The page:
Sometimes I’m not even aware of how uninspired I’ve become.
And then something (or someone) comes along and reinvigorates me, the awareness comes back, and I remember how good ideas taste, how satisfied creativity makes me feel, and I want more. And more. Only then do I realize I’ve been longing for a gigantic helping of inspiration.
Lately – does it have something to do with August? – I’ve been woefully uninspired. I’m slogging along with my novel and it’s like using a teaspoon to fill up a bucket. I’m rereading Jane Austen – usually a sign that I’m too exhausted to dip into new material. And the inspirational food is scarce. Hardly enough to keep body and soul together. I’m starving here!
In À la recherche du temps perdu, Marcel Proust describes the madeleine, his inspirational food, as a squat, plump little cake that looks as though it has been “moulded in the fluted valve of a scallop shell.” One day, he says, “mechanically, dispirited after a dreary day with the prospect of a depressing morrow,”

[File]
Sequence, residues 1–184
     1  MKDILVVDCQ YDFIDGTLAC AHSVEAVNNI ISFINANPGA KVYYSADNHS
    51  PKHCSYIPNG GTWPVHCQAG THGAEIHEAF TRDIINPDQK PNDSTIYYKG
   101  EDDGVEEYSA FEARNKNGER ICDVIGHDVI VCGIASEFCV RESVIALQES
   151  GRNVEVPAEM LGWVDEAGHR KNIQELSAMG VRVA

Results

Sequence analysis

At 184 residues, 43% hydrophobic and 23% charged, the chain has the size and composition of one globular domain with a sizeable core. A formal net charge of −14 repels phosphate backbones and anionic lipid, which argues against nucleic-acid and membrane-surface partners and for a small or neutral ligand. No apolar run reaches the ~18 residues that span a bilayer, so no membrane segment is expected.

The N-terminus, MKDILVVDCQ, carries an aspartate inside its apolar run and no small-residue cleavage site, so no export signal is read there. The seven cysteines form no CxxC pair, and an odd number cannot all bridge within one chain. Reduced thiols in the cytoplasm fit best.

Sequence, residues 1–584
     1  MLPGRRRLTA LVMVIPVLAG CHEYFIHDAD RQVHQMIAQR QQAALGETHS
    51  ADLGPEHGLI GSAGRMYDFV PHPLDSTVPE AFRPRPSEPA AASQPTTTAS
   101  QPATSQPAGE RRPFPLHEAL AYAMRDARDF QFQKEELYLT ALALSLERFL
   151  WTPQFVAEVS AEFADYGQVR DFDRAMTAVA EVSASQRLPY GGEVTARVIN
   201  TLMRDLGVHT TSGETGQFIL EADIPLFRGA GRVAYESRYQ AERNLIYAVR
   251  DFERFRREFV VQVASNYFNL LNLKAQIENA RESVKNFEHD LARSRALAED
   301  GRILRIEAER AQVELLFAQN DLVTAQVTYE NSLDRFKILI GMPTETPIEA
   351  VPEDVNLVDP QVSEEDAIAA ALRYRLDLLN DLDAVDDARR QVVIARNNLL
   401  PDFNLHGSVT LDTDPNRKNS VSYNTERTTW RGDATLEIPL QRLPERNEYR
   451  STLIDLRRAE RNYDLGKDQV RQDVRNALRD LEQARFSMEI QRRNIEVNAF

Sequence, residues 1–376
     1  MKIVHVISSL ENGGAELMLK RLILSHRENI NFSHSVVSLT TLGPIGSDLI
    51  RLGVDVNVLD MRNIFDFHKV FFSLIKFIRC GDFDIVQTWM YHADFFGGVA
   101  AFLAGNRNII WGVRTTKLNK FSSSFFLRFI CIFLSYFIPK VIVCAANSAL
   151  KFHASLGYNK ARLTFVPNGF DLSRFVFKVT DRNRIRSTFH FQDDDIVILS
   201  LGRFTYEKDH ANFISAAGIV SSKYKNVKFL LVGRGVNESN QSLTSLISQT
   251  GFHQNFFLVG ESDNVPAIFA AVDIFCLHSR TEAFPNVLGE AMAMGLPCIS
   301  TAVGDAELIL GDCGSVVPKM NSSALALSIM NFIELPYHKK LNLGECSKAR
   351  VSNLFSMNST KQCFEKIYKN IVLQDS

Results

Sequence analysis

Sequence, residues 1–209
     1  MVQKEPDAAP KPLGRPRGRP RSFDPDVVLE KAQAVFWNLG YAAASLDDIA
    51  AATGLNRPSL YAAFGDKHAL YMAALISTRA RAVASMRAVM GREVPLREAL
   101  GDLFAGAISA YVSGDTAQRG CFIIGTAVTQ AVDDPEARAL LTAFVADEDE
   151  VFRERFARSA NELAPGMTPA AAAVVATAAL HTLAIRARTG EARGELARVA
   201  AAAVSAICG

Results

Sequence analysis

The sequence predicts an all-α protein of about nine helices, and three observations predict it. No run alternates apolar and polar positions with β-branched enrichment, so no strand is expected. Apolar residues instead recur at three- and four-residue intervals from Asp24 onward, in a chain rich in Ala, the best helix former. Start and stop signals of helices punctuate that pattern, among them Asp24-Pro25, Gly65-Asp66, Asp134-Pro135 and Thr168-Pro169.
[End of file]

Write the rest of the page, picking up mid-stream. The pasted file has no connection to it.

I raised to my lips a spoonful of the tea in which I had soaked a morsel of the cake. No sooner had the warm liquid mixed with the crumbs touched my palate than a shudder ran through me and I stopped, intent upon the extraordinary thing that was happening to me. An exquisite pleasure had invaded my senses, something isolated, detached, with no suggestion of its origin. And at once the vicissitudes of life had become indifferent to me, its disasters innocuous, its brevity illusory – this new sensation having had on me the effect which love has of filling me with a precious essence; or rather this essence was not in me it was me. I had ceased now to feel mediocre, contingent, mortal.
A long time ago a dear friend gave me a madeleine mold. I still have it. I could, perhaps, bake and borrow some Proustian inspiration. But I think that, until I find my own madeleine, I’ll continue to feel mediocre, contingent, and mortal.
Ding! Round over. I could use that wet sponge.